Public Health: Coronavirus Regulations

Part of the debate – in the House of Commons at 2:19 pm on 13th October 2020.

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Photo of Matthew Hancock Matthew Hancock Secretary of State for Health and Social Care 2:19 pm, 13th October 2020

Yes, absolutely, and I will go further than that: we look at this at sub-district level, if that is appropriate. In High Peak we put four wards into level 2 and the rest of the wards stayed in level 1. So we are prepared to look at the sub-district level if that is appropriate. Some districts within North Yorkshire have individual outbreaks in individual institutions that we are managing, and we should not mistake that for general community transmission and therefore put those areas into a higher level than is necessary. I am happy to go through the local epidemiology from near Thirsk that affects my hon. Friend’s constituency.

In a sense, that brings us to the point of these local covid alert levels. These are the first statutory instruments to be debated under our commitment to consult Parliament on significant national measures that have effect in the whole of England or are UK-wide and, wherever possible, to hold votes before the regulations come into force. That is what we are doing today.

Local action has proved to be one of our most important lines of defence. Where firm action has been taken—for instance in Leicester, or in Bolton, where we flattened the curve—our local approach has inevitably produced different sets of rules in different parts of the country, as my right hon. Friend Mr Mitchell set out. We have already moved towards simpler national rules that are centred on the rule of six, and we are now acting to simplify and standardise the rules at a local level.

The regulations set out three levels of alert: medium, high and very high. The medium alert level, which will cover most of the country, will consist of the current national measures. This includes the rule of six and the closure of hospitality at 10 pm. The high alert level reflects the interventions in many local areas at the moment and that aims to reduce household-to-household transmission by preventing social mixing between different households indoors, with the rule of six outdoors. That is super-simple: no household mixing socially indoors and the rule of six outdoors.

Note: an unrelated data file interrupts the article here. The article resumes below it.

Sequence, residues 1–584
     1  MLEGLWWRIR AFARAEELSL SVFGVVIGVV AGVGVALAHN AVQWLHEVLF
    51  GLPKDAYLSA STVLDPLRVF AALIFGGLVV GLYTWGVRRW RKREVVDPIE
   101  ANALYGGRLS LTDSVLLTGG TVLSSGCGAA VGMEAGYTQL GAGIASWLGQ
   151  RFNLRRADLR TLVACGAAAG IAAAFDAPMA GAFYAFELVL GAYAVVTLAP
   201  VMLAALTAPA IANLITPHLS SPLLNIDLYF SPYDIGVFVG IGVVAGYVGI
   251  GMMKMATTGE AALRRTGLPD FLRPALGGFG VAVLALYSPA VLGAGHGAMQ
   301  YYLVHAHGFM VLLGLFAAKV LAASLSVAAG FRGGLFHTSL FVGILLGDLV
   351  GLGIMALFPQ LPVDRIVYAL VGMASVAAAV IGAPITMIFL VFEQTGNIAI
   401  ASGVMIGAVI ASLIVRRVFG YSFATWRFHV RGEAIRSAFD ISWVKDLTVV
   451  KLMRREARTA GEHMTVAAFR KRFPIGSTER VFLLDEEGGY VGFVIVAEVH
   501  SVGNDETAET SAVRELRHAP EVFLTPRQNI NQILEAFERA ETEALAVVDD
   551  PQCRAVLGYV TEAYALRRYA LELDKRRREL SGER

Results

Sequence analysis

The very high alert level will apply where transmission rates are rising most rapidly and where the NHS will soon be under unbearable pressure without further restrictions. In those areas the Government will set a baseline of prohibiting social mixing, while allowing households to mix in public outdoor spaces, because that is where the risk of transmission is lowest, as long as the rule of six is followed. That baseline is set out in the very high alert level regulations being considered today. Pubs and bars will be closed, and we will advise against travel into and out of very high-risk areas.

We also offer a package of support for individuals, businesses and councils. That includes more support for local test and trace, which many have asked for, more funding for local enforcement and the offer of help from the armed services, as well as the job support scheme announced by the Chancellor. That is best done as a team effort and, wherever possible, we want to build local support on the ground before we introduce these measures. So in each area we will work with local government leaders on the extra measures that need to be taken. We do not rule out further restrictions in the hospitality, leisure, entertainment, or personal care sectors, but retail, schools and universities will remain open.